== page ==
A pro-Russian prankster impersonates a former US ambassador to Moscow in live video calls, part of a disinformation campaign that researchers say seeks to ensnare high-level Western officials since the invasion of Ukraine.
Russian comedy duo Vladimir Kuznetsov and Alexei Stolyarov, who go by Vovan and Lexus, have long been notorious for pranking politicians and celebrities around the world, from Justin Trudeau to Elton John and Boris Johnson.
But the pair, once dubbed Russia’s Jerky Boys who have long denied any connection to the Kremlin, appear to have steadily morphed from mischief-makers to a pro-Kremlin tool of information warfare.
Cybersecurity researchers say that since the start of Russia’s invasion, they have ramped up their targeting of high-profile officials and executives in North America and Europe who have spoken out against Moscow.
“WARNING. Someone using the phone number +1 (202) 7549885 is impersonating me,” Michael McFaul, the former US ambassador to Moscow, tweeted last September.
“If you connect on a video platform with this number, you will see an AI-generated ‘deepfake’ that looks and talks like me. It is not me. This is a new Russian weapon of war.”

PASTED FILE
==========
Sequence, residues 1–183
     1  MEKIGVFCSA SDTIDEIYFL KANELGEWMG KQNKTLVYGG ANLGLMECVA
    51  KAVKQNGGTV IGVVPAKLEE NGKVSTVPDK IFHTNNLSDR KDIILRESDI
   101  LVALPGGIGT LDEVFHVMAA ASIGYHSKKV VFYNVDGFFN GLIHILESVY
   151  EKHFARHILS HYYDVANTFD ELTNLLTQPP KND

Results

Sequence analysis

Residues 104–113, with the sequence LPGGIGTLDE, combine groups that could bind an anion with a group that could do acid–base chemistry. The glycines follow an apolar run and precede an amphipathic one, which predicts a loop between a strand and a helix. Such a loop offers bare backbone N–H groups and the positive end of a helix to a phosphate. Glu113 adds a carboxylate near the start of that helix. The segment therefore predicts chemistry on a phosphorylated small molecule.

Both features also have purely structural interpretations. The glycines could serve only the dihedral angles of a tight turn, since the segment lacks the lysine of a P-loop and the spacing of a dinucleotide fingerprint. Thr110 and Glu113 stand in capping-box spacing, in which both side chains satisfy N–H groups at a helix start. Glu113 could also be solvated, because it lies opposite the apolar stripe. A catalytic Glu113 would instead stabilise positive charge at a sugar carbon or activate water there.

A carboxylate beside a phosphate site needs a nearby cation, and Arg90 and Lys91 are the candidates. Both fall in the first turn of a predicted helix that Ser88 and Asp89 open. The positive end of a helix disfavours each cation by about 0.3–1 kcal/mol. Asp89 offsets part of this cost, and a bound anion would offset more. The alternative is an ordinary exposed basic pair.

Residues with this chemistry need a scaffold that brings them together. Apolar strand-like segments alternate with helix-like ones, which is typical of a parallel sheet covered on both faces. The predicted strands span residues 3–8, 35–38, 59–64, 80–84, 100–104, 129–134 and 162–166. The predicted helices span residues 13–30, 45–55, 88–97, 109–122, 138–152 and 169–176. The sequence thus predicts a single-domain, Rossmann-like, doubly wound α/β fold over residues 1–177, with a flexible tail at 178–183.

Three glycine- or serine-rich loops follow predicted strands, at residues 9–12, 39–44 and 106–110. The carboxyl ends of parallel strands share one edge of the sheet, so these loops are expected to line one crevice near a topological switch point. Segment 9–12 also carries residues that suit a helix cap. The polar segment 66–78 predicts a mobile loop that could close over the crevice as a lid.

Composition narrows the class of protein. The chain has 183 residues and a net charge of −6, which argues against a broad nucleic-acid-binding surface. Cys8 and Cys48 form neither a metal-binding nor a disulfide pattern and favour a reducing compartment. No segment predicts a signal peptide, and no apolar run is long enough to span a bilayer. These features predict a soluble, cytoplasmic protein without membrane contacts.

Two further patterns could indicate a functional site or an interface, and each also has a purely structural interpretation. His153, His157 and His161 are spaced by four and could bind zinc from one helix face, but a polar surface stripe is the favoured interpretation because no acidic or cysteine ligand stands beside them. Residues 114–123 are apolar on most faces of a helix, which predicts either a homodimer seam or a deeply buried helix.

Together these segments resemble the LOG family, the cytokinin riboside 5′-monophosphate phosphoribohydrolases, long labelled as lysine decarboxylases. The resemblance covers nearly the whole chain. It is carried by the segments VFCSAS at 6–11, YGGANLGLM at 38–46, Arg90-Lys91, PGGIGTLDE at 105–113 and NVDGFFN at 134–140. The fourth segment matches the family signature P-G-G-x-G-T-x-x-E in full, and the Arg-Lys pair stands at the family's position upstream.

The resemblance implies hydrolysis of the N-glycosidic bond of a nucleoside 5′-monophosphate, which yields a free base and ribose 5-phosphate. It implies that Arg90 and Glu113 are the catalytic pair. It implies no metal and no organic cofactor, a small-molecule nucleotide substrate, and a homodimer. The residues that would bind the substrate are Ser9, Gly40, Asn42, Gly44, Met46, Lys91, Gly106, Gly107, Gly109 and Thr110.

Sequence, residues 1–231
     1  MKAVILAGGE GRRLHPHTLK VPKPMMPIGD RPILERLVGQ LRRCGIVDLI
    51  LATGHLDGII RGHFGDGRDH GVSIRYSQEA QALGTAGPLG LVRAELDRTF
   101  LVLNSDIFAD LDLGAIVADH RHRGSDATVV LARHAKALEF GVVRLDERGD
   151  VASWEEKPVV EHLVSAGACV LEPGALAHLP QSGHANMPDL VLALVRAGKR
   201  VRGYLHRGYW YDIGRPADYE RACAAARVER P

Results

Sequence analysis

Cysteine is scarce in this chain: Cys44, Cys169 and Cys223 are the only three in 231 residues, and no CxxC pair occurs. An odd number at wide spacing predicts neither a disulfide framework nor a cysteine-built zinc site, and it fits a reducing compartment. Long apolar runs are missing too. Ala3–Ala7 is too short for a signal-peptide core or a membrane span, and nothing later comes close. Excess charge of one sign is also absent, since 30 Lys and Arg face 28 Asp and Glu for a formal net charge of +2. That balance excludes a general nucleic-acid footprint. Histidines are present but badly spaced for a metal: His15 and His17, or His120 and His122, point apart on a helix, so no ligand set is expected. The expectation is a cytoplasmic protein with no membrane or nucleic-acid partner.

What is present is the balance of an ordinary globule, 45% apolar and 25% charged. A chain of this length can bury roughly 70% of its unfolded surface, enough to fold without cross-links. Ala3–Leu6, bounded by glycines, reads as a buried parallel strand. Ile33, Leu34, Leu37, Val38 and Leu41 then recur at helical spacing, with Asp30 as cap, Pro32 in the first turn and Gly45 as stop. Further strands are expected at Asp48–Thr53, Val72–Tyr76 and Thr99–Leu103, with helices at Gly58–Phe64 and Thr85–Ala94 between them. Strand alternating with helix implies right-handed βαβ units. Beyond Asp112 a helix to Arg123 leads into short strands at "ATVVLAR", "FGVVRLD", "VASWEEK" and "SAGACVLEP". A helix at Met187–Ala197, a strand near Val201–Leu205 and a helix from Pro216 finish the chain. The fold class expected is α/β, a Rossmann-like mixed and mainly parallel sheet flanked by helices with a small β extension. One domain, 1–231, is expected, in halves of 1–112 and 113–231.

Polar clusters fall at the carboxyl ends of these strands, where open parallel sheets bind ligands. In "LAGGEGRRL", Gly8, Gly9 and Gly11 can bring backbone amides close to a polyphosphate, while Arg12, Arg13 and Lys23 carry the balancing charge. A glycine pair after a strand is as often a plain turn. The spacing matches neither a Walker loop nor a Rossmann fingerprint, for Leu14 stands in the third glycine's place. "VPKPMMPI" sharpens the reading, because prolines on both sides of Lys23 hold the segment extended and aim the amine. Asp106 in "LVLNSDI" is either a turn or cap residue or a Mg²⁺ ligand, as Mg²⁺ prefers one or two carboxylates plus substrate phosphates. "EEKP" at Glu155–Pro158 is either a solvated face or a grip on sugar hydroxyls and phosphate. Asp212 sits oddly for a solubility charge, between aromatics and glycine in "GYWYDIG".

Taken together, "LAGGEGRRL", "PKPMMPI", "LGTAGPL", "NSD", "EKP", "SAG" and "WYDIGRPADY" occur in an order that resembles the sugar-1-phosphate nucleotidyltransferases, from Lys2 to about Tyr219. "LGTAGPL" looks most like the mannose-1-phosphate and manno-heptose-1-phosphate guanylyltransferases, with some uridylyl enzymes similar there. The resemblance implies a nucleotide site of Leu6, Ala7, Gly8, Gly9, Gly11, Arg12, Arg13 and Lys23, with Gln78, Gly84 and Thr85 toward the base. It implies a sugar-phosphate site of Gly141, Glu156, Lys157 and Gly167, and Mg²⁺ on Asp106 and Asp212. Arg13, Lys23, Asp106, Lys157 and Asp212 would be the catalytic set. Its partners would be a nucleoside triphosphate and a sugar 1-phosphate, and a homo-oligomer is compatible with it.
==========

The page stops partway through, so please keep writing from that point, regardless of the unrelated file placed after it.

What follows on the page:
McFaul, who served as the envoy from 2012-14, told Agence France-Presse that the impersonator appeared “live” in calls to many in the Ukrainian government and “spoke in Russian”, a language he knows but not fluently.
The questions the hoaxer asked were “obviously designed to undermine Ukraine’s diplomatic and war efforts,” McFaul added.
Proofpoint, a California-based cybersecurity firm, said its analysts have assessed with “high confidence” that this was the work of Vovan and Lexus, together dubbed TA499.
“For a time, TA499 utilised McFaul as an impersonated identity in attempts to obtain contact with high-ranking officials internationally,” Proofpoint’s researchers said.
“This phone number was noted in our data in a known TA499 campaign.”